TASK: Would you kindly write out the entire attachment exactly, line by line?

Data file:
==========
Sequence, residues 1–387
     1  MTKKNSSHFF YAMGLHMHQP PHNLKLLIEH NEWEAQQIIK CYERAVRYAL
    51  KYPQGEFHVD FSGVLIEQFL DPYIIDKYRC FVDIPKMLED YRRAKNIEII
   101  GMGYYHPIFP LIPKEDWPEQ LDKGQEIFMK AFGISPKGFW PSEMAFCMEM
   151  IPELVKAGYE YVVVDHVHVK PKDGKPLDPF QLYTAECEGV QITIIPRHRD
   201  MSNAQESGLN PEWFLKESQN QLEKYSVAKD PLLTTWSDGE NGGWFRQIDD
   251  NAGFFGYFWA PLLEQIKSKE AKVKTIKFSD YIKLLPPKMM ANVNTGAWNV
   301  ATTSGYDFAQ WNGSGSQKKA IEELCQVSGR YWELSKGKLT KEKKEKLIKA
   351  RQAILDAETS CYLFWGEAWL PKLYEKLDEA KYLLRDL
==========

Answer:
Sequence, residues 1–387
     1  MTKKNSSHFF YAMGLHMHQP PHNLKLLIEH NEWEAQQIIK CYERAVRYAL
    51  KYPQGEFHVD FSGVLIEQFL DPYIIDKYRC FVDIPKMLED YRRAKNIEII
   101  GMGYYHPIFP LIPKEDWPEQ LDKGQEIFMK AFGISPKGFW PSEMAFCMEM
   151  IPELVKAGYE YVVVDHVHVK PKDGKPLDPF QLYTAECEGV QITIIPRHRD
   201  MSNAQESGLN PEWFLKESQN QLEKYSVAKD PLLTTWSDGE NGGWFRQIDD
   251  NAGFFGYFWA PLLEQIKSKE AKVKTIKFSD YIKLLPPKMM ANVNTGAWNV
   301  ATTSGYDFAQ WNGSGSQKKA IEELCQVSGR YWELSKGKLT KEKKEKLIKA
   351  RQAILDAETS CYLFWGEAWL PKLYEKLDEA KYLLRDL